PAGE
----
A metal–organic framework (MOF) nanoribbon could underpin a new source of clean energy by harvesting the latent heat of evaporation in seawater. A Chinese team has developed a small prototype device that separates sodium and chloride ions to generate a sustained potential difference powered by this natural phase change.

Extracting energy from water evaporation could be a major boost for sustainability efforts due to the abundance of suitable locations for this technology. Evaporation-induced electricity generation relies upon the electrostatic interactions between a flowing fluid and a surface. But these methods are currently limited to pure water systems as the high concentration of ions in seawater disrupts the flow of charge.


Source: © 2024 American Chemical Society

An illustration of an evaporation-induced electricity generation device; in seawater the flow of ions makes it difficult to create a potential difference

‘Within a porous medium, there exists an electric double layer between the solid surface and the fluid,’ explains Yan Lu, a battery researcher from the Helmholtz–Zentrum Berlin in Germany. Charged particles form a continuous layer over the surface and this in turn attracts a diffuse layer of counterions from the solution. ‘As the liquid flows, powered by continuous evaporation, variations in the mobility of these charged species in the diffuse layer give rise to the generation of a potential difference along the fluid’s direction,’ says Lu. ‘But in seawater, the abundant ions flow along with it, greatly diminishing the potential difference caused by the differential flow of the electric double layer.’

Now, Hongfang Liu and Bao Yu Xia from Huazhong University of Science and Technology have developed a device that retains this crucial electrokinetic effect in salt water. Their MOF, composed of calcium ions and benzene hexacarboxylic acid (BHA), forms a selectively permeable network of nanochannels that generates a potential difference between the top and bottom of the device as water evaporates through it. ‘The synthetic Ca-BHA MOF has hydrophilic and negatively charged sub-nanochannels, enabling water and sodium ions to transport but avoiding chloride ion flow, thereby generating a streaming potential,’ explains Xia. ‘This behaviour is related to the internal hydrogen bonding network structure.’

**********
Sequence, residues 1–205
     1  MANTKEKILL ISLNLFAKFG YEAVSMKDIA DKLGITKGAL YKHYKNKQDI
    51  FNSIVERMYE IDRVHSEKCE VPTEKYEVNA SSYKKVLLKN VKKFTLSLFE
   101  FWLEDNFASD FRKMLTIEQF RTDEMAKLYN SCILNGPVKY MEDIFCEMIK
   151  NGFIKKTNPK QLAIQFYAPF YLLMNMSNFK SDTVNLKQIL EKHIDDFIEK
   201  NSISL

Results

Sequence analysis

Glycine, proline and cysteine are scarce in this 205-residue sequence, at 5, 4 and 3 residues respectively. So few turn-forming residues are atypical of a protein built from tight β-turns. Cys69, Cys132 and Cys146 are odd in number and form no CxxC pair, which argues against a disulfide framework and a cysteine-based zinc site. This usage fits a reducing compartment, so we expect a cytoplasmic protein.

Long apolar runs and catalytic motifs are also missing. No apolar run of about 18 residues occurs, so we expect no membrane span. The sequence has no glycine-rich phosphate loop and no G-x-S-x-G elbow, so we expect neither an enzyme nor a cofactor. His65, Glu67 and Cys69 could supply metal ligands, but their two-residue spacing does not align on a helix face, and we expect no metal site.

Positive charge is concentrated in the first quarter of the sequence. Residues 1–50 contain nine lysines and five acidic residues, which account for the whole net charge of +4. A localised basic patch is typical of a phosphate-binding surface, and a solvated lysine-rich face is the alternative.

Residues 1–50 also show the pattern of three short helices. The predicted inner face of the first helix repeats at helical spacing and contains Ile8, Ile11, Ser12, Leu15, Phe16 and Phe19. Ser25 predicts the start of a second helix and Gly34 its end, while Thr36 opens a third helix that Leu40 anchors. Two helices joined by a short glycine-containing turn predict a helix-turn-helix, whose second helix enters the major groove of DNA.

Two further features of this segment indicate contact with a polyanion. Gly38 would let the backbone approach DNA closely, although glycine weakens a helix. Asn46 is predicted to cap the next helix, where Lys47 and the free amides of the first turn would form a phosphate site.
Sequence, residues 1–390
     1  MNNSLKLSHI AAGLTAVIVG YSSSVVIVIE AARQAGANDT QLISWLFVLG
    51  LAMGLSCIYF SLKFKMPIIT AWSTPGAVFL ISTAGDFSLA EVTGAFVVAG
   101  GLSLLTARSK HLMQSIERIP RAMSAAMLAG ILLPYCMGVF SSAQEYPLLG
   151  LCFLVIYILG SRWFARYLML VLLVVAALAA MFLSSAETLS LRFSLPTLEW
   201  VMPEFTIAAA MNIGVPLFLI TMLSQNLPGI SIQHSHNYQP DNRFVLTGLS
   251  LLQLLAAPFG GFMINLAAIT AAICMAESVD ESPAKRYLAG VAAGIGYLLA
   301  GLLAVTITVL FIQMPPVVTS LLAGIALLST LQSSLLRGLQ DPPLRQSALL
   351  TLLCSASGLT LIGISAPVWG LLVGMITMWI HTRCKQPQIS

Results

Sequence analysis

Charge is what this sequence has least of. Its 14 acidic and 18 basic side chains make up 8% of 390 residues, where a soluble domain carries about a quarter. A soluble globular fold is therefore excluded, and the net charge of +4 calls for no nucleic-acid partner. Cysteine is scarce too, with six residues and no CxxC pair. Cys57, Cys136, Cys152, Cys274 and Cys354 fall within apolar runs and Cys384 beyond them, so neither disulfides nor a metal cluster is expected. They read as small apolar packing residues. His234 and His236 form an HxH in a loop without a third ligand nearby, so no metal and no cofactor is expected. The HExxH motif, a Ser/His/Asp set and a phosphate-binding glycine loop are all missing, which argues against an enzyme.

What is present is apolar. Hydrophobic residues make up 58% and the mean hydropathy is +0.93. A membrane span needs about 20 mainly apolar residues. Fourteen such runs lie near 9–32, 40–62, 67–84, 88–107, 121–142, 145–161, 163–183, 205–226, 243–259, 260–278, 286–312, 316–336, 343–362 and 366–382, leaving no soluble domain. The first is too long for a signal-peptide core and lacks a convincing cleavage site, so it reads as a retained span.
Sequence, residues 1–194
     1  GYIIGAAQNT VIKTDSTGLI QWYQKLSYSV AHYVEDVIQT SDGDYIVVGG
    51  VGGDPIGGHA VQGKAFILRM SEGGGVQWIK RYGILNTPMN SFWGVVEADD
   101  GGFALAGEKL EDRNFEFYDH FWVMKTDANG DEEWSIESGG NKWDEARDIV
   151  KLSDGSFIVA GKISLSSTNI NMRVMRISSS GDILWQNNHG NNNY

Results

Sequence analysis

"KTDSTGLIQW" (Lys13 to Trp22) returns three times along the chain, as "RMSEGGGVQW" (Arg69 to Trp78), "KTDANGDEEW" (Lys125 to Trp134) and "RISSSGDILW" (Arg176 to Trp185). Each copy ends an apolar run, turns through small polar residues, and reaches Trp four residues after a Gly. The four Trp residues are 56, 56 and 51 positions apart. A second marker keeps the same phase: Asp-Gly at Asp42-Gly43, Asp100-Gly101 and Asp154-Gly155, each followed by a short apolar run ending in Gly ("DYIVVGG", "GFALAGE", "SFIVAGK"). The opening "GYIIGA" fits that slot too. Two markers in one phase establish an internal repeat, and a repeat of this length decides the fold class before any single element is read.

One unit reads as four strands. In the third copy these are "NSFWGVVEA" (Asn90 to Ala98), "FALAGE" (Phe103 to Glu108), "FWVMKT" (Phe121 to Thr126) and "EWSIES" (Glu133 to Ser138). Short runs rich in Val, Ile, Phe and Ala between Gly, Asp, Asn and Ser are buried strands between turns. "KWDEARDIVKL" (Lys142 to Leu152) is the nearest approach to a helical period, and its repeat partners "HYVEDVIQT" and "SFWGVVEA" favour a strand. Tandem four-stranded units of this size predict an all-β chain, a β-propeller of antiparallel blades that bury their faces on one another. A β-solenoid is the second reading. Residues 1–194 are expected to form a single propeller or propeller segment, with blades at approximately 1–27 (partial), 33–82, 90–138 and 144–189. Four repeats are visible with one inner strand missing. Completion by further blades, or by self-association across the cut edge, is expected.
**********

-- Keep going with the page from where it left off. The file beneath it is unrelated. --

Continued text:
Seawater evaporation

Source: © 2024 American Chemical Society

In the new MOF-based device the flow of chloride ions is restricted, which enables the generation of a steady voltage

The prototype device, which measures two by six centimetres, maintained a steady voltage of 0.4V under natural evaporation conditions without any signs of degradation over a three-day period. Although still at the proof-of-concept stage, Lu is impressed by the MOF’s performance and interested to see how Xia and Liu will develop the system further.

‘This work provides a novel solution for flow-evaporation electricity generation in liquids rich in high-concentration ions,’ she says. ‘Moreover, these highly selective sub-nanometre channels hold promise for applications in other fields, such as selective separation of ions. I would like to see this work progressing towards practical and industrial applications by researching parameters in settings closer to real-world scenarios.’

At a fundamental level, the team would like to fully understand the exact ion transport mechanism within the MOF’s nanochannels. However, their current focus is on developing the prototype device into a larger practical system. ‘Commercialisation is far away,’ says Xia. ‘The next step we would like to take is to enlarge the electricity generation performance. Further evaluation is also needed for device placement, salt resistance, and performance stability.’